• filterset - A django Q filters that defines the types of models to restrict on, if this is not set the total number of the model in the database is used (e.g Model.objects.all())
  • template - The template used to render the page explaining the limit restriction, defaults to django_limits/limit_exceeded.html

An example rule is below for a widget is below:

Widget: [
    {
        'limit': 10,
        'message': "Only 10 staff members allowed",
        'filterset': Q(color="Blue")
    },
    {
        'limit': 10,
        'message': "Only 10 staff members allowed",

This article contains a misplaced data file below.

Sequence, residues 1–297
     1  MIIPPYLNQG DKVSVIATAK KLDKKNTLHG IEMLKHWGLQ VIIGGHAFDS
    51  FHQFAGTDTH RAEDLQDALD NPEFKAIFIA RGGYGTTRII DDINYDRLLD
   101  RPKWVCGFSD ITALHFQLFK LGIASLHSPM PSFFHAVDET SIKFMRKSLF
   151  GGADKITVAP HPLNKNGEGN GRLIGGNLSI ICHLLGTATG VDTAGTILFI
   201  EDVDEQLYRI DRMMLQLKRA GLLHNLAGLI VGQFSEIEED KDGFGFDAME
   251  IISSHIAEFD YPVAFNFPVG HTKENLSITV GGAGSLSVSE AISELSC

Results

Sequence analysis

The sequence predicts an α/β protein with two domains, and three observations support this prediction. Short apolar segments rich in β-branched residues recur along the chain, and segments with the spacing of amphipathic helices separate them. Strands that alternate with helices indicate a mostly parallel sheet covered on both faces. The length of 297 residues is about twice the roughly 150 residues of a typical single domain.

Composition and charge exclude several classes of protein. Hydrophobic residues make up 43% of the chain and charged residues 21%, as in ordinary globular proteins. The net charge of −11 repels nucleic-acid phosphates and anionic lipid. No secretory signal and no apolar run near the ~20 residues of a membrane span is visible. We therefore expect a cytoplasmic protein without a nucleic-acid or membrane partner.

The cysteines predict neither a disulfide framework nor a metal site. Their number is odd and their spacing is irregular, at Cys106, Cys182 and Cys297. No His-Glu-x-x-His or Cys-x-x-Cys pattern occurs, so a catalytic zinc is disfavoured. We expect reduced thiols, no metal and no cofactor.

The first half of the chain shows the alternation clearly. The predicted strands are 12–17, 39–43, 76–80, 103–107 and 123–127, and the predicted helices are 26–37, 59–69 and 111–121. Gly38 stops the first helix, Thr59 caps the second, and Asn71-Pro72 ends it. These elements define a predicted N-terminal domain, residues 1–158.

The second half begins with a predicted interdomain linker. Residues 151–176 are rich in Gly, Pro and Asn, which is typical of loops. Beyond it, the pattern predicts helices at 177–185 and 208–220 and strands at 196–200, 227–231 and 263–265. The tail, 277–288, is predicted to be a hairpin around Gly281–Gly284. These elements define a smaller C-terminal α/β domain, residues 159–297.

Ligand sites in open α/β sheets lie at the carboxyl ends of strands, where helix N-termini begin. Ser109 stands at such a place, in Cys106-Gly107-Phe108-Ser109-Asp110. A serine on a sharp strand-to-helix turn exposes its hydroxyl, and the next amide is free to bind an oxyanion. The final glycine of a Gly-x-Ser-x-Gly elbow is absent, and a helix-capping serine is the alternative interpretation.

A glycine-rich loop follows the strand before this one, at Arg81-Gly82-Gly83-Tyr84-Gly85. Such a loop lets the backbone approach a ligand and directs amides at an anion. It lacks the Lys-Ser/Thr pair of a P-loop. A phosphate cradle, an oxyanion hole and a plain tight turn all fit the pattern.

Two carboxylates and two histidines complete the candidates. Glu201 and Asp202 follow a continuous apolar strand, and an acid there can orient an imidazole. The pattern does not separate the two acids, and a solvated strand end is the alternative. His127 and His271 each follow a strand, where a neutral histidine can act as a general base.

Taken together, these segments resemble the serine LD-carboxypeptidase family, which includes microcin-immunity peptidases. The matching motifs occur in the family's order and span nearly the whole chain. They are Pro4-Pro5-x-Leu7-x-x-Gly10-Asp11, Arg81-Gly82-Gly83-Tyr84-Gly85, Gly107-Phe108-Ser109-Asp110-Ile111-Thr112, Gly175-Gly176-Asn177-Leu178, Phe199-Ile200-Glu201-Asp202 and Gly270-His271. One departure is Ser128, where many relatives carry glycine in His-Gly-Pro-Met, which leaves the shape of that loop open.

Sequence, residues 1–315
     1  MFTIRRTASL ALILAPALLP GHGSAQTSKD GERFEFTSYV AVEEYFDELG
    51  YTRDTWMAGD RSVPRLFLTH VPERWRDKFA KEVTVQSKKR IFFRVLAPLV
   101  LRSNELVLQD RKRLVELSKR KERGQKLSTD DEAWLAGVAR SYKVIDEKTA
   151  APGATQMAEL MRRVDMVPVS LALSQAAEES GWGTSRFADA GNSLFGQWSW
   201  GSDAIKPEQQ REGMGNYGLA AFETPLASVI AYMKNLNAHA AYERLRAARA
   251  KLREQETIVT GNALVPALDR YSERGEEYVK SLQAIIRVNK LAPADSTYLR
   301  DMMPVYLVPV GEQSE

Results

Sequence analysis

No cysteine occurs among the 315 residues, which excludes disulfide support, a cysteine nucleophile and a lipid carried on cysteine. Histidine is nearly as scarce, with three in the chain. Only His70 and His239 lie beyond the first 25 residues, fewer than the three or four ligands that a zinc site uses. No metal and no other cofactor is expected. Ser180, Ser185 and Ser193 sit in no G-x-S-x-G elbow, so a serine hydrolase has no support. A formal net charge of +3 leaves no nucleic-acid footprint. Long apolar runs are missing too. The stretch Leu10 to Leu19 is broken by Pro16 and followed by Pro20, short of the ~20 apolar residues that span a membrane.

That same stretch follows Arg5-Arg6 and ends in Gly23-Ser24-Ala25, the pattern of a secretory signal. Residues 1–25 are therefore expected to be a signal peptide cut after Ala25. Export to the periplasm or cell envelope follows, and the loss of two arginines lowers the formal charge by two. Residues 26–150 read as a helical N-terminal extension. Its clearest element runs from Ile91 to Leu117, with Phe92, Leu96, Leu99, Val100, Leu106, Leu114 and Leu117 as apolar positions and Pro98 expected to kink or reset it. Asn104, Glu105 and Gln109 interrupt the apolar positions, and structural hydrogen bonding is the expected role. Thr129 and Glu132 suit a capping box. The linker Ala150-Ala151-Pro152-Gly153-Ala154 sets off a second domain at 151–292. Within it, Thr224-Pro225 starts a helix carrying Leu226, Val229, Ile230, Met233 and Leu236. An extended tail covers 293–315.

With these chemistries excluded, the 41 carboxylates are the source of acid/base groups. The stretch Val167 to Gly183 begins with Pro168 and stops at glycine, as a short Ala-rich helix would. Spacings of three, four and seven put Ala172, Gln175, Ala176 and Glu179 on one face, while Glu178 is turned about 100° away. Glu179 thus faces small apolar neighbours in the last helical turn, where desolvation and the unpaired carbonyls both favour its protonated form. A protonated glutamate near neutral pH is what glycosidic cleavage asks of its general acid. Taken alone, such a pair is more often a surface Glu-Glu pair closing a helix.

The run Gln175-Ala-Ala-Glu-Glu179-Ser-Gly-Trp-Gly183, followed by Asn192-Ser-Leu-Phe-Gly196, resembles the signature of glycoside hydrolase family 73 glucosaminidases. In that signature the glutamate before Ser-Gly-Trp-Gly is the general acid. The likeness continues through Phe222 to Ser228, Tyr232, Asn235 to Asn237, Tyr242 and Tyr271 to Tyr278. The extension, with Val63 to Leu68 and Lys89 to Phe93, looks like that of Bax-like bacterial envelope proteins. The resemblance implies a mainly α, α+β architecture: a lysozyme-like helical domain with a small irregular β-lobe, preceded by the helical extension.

'filterset': Q(color="Red")
    },
    {
        'limit': 30,
        'message': "Only 30 widgets allowed",
        'template': "widgets/totla_widgets_exceeded.html'
    }
]

In this example, at most 10 blue, 10 red and a total 30 widgets are allowed.

How it works

Django limtis installs a pre_save signal for every model, and checks against the rules, and to prevent the save from finishing throws a LimitExceeded exception which is caught by the middleware, which in turn renders a page with a HTTP 403 error.

Apologies to Tina Turner.

Release History

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0.0.4

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0.0.1